UPDATE: Polish PM to address MEPs amid spat over EU law
The Polish prime minister will next week take part in a European Parliament debate focusing on a recent ruling by his country’s constitutional court amid a dispute over the primacy of European Union law, Poland’s PAP news agency reported on Thursday, citing a source in the EU legislature. It is reported by Upmp.news with reference to Polskie radio.
The debate is scheduled for 9 p.m. on Tuesday, the Polish state news agency reported.
The news came after the Polish government spokesman tweeted a day earlier that Prime Minister Mateusz Morawiecki had asked to address European lawmakers to explain Warsaw’s stance in a dispute with Brussels over whether the national constitution trumps EU law.
“Premier Morawiecki has sent a request to the European Parliament President to take part in the assembly’s next sitting in order to present Poland’s position during the planned parliamentary debate,” the government spokesman, Piotr Müller, said in a tweet on Wednesday.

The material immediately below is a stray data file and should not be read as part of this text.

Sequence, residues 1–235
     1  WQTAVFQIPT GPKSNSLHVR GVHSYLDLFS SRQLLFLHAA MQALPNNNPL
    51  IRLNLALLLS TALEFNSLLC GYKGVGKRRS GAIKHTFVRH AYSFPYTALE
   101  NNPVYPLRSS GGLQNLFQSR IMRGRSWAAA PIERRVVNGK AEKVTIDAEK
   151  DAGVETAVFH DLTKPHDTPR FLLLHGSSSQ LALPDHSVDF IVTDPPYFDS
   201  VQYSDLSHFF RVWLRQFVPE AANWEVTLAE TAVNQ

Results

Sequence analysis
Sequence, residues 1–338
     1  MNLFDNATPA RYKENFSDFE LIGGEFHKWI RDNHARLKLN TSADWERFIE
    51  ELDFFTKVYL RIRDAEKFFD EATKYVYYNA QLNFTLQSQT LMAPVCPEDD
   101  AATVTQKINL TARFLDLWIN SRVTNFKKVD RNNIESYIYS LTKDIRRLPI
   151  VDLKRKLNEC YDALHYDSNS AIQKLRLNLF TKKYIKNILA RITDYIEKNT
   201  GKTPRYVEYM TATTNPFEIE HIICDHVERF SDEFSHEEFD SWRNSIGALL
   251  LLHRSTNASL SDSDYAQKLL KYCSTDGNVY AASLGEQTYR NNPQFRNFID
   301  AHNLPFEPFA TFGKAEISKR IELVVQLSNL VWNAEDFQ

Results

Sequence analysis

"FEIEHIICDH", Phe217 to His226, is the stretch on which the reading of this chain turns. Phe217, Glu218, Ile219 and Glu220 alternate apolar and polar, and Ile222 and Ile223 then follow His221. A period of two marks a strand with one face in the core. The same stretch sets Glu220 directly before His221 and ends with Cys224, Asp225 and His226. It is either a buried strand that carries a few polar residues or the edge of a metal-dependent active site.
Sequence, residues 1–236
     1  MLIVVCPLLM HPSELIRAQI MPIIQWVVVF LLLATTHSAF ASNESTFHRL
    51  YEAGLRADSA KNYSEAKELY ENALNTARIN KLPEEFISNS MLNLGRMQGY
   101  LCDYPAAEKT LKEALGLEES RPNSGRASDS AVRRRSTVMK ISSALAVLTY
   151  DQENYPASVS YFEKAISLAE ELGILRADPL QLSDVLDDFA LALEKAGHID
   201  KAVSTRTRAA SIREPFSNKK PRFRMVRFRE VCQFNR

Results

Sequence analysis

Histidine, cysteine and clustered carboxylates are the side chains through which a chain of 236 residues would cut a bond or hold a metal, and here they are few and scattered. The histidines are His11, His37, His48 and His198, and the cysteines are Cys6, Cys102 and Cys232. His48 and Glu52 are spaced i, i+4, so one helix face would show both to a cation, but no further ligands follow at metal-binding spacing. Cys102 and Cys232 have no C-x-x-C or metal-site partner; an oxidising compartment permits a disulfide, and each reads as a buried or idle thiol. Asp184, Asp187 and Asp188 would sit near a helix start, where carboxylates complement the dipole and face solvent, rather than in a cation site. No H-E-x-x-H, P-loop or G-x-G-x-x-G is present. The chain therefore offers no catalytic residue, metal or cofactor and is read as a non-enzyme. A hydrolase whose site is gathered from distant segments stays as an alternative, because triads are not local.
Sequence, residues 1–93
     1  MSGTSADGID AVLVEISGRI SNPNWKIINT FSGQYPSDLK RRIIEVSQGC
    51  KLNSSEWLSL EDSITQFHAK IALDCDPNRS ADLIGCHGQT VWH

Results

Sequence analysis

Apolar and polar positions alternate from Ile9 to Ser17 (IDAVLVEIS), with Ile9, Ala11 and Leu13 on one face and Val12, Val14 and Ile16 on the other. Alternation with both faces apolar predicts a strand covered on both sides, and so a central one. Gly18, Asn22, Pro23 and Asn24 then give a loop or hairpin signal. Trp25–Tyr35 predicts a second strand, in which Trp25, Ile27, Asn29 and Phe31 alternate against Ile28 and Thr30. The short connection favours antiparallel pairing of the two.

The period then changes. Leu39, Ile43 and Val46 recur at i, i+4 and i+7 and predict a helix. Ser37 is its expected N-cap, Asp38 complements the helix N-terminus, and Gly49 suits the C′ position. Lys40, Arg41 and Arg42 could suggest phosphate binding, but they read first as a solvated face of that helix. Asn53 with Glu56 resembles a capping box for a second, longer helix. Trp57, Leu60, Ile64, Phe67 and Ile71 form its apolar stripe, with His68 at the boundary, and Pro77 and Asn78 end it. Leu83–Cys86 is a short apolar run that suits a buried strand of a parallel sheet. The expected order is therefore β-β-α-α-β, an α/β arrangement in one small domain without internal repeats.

In a landmark judgment, Poland’s Constitutional Tribunal ruled last Thursday that parts of EU treaties were incompatible with the Polish constitution.
The verdict added to a long-running dispute between the Polish government and EU institutions. It appeared to question a key tenet of European integration and threatened to escalate tension between Warsaw and Brussels.
Since the top court’s verdict, Poland’s ruling conservatives have been accused by the opposition of effectively preparing an exit from the European Union, of which the country has been part since 2004.
Shortly after the ruling last week, Polish conservative Prime Minister Mateusz Morawiecki said that, by judging some articles of the bloc’s treaties unconstitutional in the country, the Constitutional Tribunal confirmed the primacy of the national constitution over EU law.
The Polish foreign ministry said in a statement on Saturday that the country’s Constitutional Tribunal “reaffirmed the hierarchy of the sources of law” in the country and across the European Union.
It also said that “all obligations arising from both primary and secondary European Union law remain in force and thus, will continue to be fully respected by Poland.”
Morawiecki said on Sunday that “all obligations arising from the bloc’s regulations remain in force” and that any talk of a Polexit “is fake news.”